A few inches of snow might signal a typical winter day in some states, but in the temperate South, a few flurries can wreak havoc. This was the case in Atlanta on Jan. 28, as citizens quickly realized the seemingly harmless snowfall was anything but. Thousands of people left work early and fled to their cars in an attempt to make it home before the light snowfall turned the roads into perilous paths of ice. The mass exodus of drivers simultaneously fleeing the city combined with the dangerous conditions caused disastrous traffic jams and more than 1,000 accidents.
Now that the disaster has ended, we can reflect back on the legality of the matter. Amid the praises of relief and gratitude expressed towards the kind souls who helped their fellow citizens during the catastrophe, there were also several cries of outrage. Many employees were enraged that companies didn’t think to close their offices, with some even blaming their employers for accidents they got into on their way home. This predicament raises the question: Can employers be held liable if employees get in weather-related accidents driving to or from work?
Breaking down the law
The Georgia Workers’ Compensation Act defines “injury” as any accident arising out of, and in the course of, employment. This means, in order to receive compensation from an employer, an employee must prove two things: first, that the injury they sustained arose out of the employment, meaning there is a causal connection between the conditions under which the work was required to be performed and the resulting injury; and second, that the employee was engaged in that employment at the time the injury occurred. An injury is only compensable if it satisfies both of these distinct criteria.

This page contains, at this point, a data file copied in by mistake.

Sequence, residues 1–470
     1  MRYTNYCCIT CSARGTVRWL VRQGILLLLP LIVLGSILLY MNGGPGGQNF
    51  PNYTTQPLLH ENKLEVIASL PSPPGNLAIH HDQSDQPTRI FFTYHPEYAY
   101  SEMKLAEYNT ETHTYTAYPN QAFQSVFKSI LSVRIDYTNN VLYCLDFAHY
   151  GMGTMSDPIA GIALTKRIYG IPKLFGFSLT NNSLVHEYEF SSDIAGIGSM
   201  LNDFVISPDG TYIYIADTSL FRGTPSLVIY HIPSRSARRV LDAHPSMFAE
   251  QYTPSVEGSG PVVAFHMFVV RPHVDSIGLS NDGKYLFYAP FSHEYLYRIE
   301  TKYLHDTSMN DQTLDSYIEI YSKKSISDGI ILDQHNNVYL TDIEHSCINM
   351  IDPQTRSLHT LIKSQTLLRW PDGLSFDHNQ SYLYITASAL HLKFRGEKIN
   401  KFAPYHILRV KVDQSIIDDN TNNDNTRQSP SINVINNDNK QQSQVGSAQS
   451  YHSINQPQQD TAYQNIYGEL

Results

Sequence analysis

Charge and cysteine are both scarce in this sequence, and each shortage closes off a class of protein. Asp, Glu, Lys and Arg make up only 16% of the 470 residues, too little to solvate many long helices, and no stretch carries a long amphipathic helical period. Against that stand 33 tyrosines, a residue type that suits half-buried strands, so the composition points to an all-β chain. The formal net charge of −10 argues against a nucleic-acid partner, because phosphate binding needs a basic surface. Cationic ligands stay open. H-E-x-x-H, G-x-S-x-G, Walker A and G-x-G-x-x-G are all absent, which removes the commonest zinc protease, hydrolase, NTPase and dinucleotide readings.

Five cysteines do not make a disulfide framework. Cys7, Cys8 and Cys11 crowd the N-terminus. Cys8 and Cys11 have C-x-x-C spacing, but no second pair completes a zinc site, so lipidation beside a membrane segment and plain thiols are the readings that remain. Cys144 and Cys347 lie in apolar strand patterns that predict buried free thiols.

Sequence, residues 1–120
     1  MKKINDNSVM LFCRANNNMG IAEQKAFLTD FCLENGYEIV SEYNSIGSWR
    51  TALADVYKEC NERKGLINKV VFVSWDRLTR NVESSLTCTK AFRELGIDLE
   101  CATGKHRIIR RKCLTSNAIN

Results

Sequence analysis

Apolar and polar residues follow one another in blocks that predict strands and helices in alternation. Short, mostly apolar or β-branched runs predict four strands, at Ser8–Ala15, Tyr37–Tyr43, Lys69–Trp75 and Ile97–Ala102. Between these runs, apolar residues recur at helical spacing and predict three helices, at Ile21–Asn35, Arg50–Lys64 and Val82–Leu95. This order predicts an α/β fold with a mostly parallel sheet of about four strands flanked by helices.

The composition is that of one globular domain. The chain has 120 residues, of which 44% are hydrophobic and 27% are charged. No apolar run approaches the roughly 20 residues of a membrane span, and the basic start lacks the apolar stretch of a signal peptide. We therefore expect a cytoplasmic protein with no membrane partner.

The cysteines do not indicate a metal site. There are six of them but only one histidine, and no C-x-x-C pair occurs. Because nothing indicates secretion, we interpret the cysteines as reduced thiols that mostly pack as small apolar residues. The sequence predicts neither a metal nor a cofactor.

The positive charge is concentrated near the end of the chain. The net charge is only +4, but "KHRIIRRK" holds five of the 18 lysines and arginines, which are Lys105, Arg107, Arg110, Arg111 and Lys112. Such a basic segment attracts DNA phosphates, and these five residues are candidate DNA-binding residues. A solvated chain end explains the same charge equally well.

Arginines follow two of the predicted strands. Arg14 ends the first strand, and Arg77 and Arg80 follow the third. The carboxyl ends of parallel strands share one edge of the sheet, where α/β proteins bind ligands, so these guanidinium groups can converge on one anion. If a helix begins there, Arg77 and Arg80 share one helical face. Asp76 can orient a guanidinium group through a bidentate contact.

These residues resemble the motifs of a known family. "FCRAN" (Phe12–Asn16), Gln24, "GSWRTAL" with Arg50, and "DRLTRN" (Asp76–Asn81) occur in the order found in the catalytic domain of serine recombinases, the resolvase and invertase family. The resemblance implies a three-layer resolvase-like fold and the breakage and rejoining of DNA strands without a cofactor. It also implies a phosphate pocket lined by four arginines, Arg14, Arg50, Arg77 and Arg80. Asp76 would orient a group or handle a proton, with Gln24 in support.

The first criterion, requiring that an injury “arises out of” the employment, is not met if the injury was caused by a hazard to which the worker would have been equally exposed apart from the employment. Typically, it is difficult to prove that an individual’s involvement in a weather-related accident arose directly out of their employment, and would have been avoided otherwise. The second criterion is often even more difficult to verify, as it requires a close examination of the time, place, and circumstances under which the accident took place. Generally, an injury occurring while an employee is traveling to and from work does not constitute “in the course of” employment, as required for compensation under the Act. Since employees are typically paid only from the time they arrive at an employer’s until the time they leave, their workday is deemed to not begin until they reach the employer—meaning an employee’s travel to and from work is not considered “in the course of” employment.
There are, however, specific circumstances that can cause an automobile collision to be a work related incident. For instance, if an employee was required to carry work items to and from home, that may cause the accident to be work related. There are other exceptions to the general rule that driving to and from work is not in the course of employment. If you are unsure and want to know your rights, talk to an expert.
Unfortunately, an employee injured during the Atlanta snow incident might have trouble bringing their case to court. It would be difficult to argue that the car accident was directly related to the employee’s work and, thus, that there was a connection between his or her employment and the accident. Sadly, in some cases involving weather-related accidents, we have no one to blame but Mother Nature.
Give the experts a call
If you believe you may have a case, read more about worker’s compensation here, and reach out to one of the many qualified lawyers at McAleer Law. We specialize in worker’s compensation cases, and have extensive experience in getting our clients the money they deserve. You can reach us at (404) 622-5337 or visit us at mcaleerlaw.com. Let McAleer Law win for you.